For pain levels, you can expect for this piercing to hurt. I do not have a septril personally, and know that my pain tolerance would not allow me to get one. I had to be pierced once with a tapered needle in my ear lobe and it HURT. The needle is dragged through your piercing site and slowly stretches the hole, and that feels like a horrible burn as it is dragged through. From what I understand, this simply becomes more painful the higher gauge you go. While the final piercing of the actual septril is similar to pretty much any other piercing, the stretching of the septum will be long, painful, and hard. It is because of this I can’t stress hard enough that if this is one of your first piercings, this one is NOT for you. If you like this piercing, check out Rhino piercings, as even though that is also a complex piercing, it is a much easier piercing compared to this one.
How Much Does Septril Piercing Cost?
This varies location to location, and will depend on the experience level of the piercer and how well known the shop is. Because a septril is not a commonly sought after piercing, this is not an advertised piercing. The final piercing will probably cost between:
- $50-80 US
- £30-60 in Britain
- €40-70 In Europe
Note that this price range does not include the jewelry nor the cost of the stretching time. That will be an additional cost, all together adding up to a rather pricey piercing.
I have my septril Piercing! Now what?
Congrats on the new piercing, you really had to wait for this one huh? At this point, you have shown a lot of dedication and frankly, I’m very impressed. The healing process from here on out should be fairly easy. Like most other cartilage piercings, the septril will take probably around 9 months to heal, but could take up to a year. Do not touch your piercing, and if you absolutely need to, then do it with clean hands. You should be using a saline soak to wash the piercing at least twice every day, and for this one, the best options are either just to submerge the piercing in the saline or use a saline spray. You can gently use a q-tip dipped in saline to remove any crusties around your piercing site, but be gentle! Follow these standard care tips and your wait will be finally rewarded! Remember, every piercer has a specific healing guide that works best for them, and might differ from ours. Follow their information above anything else.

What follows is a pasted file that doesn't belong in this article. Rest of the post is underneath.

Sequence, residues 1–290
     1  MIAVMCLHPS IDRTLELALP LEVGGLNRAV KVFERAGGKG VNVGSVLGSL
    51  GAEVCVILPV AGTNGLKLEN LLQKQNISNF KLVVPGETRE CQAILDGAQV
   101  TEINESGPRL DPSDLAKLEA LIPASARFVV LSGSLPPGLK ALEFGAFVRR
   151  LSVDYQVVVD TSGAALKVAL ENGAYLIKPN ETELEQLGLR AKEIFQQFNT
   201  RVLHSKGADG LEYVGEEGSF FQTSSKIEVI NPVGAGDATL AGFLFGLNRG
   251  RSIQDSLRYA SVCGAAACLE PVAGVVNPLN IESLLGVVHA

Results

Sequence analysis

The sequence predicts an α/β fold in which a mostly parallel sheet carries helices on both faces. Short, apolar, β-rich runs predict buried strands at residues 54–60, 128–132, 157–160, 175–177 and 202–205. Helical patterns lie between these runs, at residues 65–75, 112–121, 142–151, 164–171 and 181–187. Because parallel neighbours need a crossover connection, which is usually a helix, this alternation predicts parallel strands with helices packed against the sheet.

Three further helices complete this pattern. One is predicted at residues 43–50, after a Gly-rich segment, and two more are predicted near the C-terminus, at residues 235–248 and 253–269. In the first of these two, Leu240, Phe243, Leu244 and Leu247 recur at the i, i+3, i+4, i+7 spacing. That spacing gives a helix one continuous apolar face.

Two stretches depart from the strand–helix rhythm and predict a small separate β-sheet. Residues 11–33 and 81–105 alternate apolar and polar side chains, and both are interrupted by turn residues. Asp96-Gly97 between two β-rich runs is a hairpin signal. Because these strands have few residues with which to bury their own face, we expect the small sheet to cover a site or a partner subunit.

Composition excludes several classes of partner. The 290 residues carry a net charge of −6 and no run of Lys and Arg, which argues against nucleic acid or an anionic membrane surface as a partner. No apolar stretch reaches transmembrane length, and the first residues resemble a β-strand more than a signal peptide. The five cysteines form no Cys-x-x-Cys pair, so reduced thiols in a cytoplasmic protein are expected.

Are there any risks with a septril?
With the actual final piercing of the septril, no. At least, not more than any other piercing. Because it is a cartilage piercing, there is a higher chance of infection developing, but if you take proper care you should be fine.
However, is there danger in the stretching of the septum? Absolutely. This is where most of the danger of this piercing comes from. Stretching is a very long and arduous process for the body and can take a long time to heal. You are increasing the chance of infection because of the stretching, as your body is going to be continually healing the piercing site for months straight. This will ultimately lower your immune system and could put medically higher risk people in danger. If you are immunocompromised, talk to your doctor before attempting this to make sure it is a safe procedure for you. Also, stretching increases the chances of a blow-out developing, as I mentioned above. A blow-out will require a surgery to fix and, especially if the stretching is attempted at home, is fairly likely. Finally, one of the reasons a lot of people like piercings is because if a piercing is removed, the body modification is barely visible. Piercings create a small hole somewhere that most people wouldn’t notice, and eventually will heal entirely. Stretching changes that. Until a certain gauge, a stretched piercing will shrink significantly, but never entirely back to its original size. Past a 2 gauge though, surgery is needed to sew back up the stretched piercing site. Since you need to stretch your septum to a 0 gauge for a septril, this is a permanent stretch that, if you decide is not for you, can only be undone through surgery. Because of this, I HIGHLY recommend that you thoroughly think through whether this is the right piercing for you.
Pros and Cons of Septril Piercing
That was a lot. To make this a bit easier for you, let’s summarize.
- Uncommon piercing will make you look very unique
- An interesting modification to a septum
- Really cool placement
- Long, painful process
- Involves permanently stretching the septum
- Expensive because of stretching
The septril piercing is definitely an intense piercing for those harder core piercing fans that are willing to go through the arduous experience of stretching an existing piercing. Because this piercing takes so long, it is really not for those newly interested in the piercing scene, and one I recommend you try your best to look at piercing videos of first as well as research the stretching process. As the author of this article I am not afraid to admit that this one is simply not for me, as not only am I a fairly impatient person, but stretching a piercing site is simply outside of my own wheel house. Please make sure that this is the right piercing for you before you start the process.
If you decide this is the right piercing for you, I have so much respect for you, and think that this is one hella cool piercing that I will be very jealous of!